Monsters Programming - Sounds, smells and the system behind them Last edited 1 month ago2024-01-22 15:37:15 UTC

Half-Life Programming

In the first and previous pages of this chapter, we talked about the ability for monsters to listen and smell. However, we haven't talked in details about how the sounds and scents themselves are handled so this page is here to fix this void.

We're going to start by answering the following question: "how a sound and smell is represented in the code?". The answer to said question is the CSound class:

Sounds

class CSound
{
public:
    void Clear();
    void Reset();

    Vector m_vecOrigin;   // sound's location in space
    int m_iType;          // what type of sound this is
    int m_iVolume;        // how loud the sound is
    float m_flExpireTime; // when the sound should be purged from the list
    int m_iNext;          // index of next sound in this list ( Active or Free )
    int m_iNextAudible;   // temporary link that monsters use to build a list of audible sounds

    bool FIsSound();
    bool FIsScent();
};
Some information in this class is explicit like the origin of the sound, type and volume. You'll notice the comments refer to something called a "list" involving "active" and "free" things, we will talk about them later. If you read and remember what has been said in the first page correctly, you should be able to answer the "why scent is a sound" question by yourself. If not, it is strongly advised you (re)start reading this chapter from the beginning.

The CSound::Clear() and CSound::Reset() methods both reset the sound/scent values to their default which is "no origin, no volume, no type" and so on, the difference is that is that Clear() does expire/unlink the sound/scent from the mentioned "list" while Reset() doesn't thus keeping said sound/scent in said "list".

m_iType possible values are:
#define bits_SOUND_NONE    0
#define bits_SOUND_COMBAT  (1 << 0) // gunshots, explosions
#define bits_SOUND_WORLD   (1 << 1) // door opening/closing, glass breaking
#define bits_SOUND_PLAYER  (1 << 2) // all noises generated by player. walking, shooting, falling, splashing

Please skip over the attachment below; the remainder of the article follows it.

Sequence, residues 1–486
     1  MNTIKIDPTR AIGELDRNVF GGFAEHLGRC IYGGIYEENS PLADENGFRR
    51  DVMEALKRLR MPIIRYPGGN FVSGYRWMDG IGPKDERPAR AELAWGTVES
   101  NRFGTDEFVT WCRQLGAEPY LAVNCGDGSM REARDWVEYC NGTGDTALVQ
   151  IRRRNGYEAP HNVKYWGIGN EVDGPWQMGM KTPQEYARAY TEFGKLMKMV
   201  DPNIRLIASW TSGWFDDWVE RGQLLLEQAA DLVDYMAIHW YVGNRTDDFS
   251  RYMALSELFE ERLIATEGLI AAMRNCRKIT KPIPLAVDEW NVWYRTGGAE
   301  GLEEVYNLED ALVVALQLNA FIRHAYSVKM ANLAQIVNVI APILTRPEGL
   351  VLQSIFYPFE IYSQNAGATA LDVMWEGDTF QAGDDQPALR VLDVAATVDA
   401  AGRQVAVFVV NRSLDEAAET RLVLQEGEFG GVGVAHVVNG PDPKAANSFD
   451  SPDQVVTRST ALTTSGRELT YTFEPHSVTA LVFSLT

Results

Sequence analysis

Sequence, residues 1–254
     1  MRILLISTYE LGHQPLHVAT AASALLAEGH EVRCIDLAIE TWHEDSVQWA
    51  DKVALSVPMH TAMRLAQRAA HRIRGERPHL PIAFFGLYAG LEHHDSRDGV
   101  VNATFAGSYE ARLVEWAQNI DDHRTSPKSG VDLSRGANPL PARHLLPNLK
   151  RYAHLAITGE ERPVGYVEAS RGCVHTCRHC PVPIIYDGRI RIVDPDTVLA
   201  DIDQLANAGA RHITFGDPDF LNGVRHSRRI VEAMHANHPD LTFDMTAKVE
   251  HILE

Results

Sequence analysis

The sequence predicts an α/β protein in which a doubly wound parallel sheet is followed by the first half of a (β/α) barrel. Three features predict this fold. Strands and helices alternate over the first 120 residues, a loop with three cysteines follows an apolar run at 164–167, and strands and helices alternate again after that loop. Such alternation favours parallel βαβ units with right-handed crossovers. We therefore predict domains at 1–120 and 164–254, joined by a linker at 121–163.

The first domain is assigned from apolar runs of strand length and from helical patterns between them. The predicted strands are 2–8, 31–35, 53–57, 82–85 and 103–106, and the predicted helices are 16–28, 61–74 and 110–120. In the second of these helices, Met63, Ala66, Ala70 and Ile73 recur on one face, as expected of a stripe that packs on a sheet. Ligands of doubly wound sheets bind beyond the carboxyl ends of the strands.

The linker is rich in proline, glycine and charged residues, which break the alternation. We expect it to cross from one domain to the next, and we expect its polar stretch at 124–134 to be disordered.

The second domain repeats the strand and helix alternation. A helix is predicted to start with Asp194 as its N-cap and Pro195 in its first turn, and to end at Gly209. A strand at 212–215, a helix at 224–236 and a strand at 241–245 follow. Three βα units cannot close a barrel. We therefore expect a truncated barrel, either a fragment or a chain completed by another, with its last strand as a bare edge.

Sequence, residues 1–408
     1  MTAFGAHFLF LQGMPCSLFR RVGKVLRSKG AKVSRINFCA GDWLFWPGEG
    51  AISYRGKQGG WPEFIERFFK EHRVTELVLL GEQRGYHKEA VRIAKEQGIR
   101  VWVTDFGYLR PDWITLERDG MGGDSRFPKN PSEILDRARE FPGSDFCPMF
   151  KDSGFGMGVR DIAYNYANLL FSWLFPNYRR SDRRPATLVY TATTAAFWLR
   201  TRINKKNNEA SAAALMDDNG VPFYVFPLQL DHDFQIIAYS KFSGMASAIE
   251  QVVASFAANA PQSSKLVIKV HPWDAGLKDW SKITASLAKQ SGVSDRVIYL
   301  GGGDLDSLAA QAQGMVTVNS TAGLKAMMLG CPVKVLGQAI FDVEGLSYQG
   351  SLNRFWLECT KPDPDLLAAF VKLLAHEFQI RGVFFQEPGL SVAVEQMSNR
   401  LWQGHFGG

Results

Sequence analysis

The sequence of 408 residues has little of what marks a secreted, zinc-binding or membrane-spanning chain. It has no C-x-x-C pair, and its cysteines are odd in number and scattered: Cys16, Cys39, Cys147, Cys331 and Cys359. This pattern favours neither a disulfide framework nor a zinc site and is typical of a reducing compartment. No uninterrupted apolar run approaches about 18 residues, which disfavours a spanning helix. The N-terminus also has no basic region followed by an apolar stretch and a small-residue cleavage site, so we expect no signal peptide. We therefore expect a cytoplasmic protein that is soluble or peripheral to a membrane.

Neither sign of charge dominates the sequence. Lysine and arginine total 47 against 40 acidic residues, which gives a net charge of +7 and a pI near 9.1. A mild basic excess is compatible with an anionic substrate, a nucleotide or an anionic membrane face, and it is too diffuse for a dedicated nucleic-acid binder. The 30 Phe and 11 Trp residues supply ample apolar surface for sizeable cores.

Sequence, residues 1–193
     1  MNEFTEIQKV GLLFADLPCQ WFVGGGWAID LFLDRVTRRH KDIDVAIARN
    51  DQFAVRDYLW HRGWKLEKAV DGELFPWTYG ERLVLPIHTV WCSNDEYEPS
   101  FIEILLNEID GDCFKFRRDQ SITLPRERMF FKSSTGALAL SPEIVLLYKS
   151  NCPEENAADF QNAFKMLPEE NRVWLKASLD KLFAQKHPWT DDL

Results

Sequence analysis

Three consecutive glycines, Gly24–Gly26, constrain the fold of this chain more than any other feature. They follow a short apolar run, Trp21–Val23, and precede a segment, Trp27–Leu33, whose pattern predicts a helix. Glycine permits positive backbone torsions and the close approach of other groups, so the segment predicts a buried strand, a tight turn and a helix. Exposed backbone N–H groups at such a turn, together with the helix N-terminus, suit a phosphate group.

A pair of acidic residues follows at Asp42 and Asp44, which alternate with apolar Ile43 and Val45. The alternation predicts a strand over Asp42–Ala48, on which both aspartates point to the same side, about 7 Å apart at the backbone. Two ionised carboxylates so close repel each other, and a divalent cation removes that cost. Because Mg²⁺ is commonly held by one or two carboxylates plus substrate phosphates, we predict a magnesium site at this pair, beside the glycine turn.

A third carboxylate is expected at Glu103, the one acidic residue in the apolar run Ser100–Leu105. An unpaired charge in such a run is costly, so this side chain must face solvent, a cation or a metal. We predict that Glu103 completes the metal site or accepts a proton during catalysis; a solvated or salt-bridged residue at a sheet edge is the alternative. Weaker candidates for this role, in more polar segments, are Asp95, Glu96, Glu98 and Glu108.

#define bits_SOUND_CARCASS (1 << 3) // dead body
#define bits_SOUND_MEAT    (1 << 4) // gib or pork chop
#define bits_SOUND_DANGER  (1 << 5) // pending danger. Grenade that is about to explode, explosive barrel that is damaged, falling crate
#define bits_SOUND_GARBAGE (1 << 6) // trash cans, banana peels, old fast food bags.
Through these values, you'll notice the usage of bitwise operations and you can guess that bool CSound::FIsSound() would return true for combat, world, player and danger. bool CSound::FIsScent() would return true for the other values being carcass, meat and garbage.

The system

Now that we know how a sound/smell is representated, it's time we talk about that so-called "list". When the world (worldspawn entity) is being precached, it creates a soundent entity. That entity is tied to a class you used previously multiple times and might already be familiar to you: CSoundEnt.

We're not going to do the same thing as we did for CSound which is look at the class definition of CSoundEnt. We're going to "follow the code" instead, just know that the entity is marked as "do not save" (int CBaseEntity::ObjectCaps() is overriden to return FCAP_DONT_SAVE) so the contents/state won't be persisted through maps transitions and saved games.

When spawning, it "initialize" its m_SoundPool member which is an array of CSound with a capacity of 64 as defined by the MAX_WORLD_SOUNDS constant. In other words, there is a loop which call CSound::Clear() and set m_iNext to i + 1. The last sound/scent's m_iNext is set to SOUNDLIST_EMPTY which is equals to "-1". Several methods that will be described below will perform a "is there room for another sound/scent" check to prevent dangerous overflows.

There is another loop which "reserve" X amounts of sounds/smells where X is the maximum amount of clients (players and bots) on the server (gpGlobals->maxClients). That "reservation" calls int CSoundEnt::IAllocSound() and set the sound/smell expiration time to SOUND_NEVER_EXPIRE which is also -1.
Important difference about client iteration in loops
By "default", when you need to iterate on all clients in "gameplay code", one of the many possible loops to achieve this looks something like this:
for (int i = 1; i <= gpGlobals->maxClients; i++)
{
    CBasePlayer* pPlayer = UTIL_PlayerByIndex(i);
    if (!pPlayer)
        continue;

    // Do stuff here
}
Notice that the loop iterator (i) starts on 1 rather than 0 as well as the usage of "less or equals than" instead of "less than" in the ending condition. That's because entity index #0 is always the world (worldspawn), index #1 is always the first (and only if singleplayer) client and the next indexes are either other clients (if multiplayer) or entities depending on the value of gpGlobals->maxClients.

In the sound/scent system, the world cannot produce such things and thus index #0 is always the first/only client and index #1 would be the second client (if multiplayer) or map entities (if singleplayer), again, depending on gpGlobals->maxClients's value.

This causes an annoying "offset" if we were to use the same kind of loop with the same starting value and operator in the ending condition. Luckily for us, Valve provided the convenient int CSoundEnt::ClientSoundIndex(edict_t* pClient) method that gives you the right index of the sound/smell in the pool produced by pClient which is the entity dictionary of the concerned client.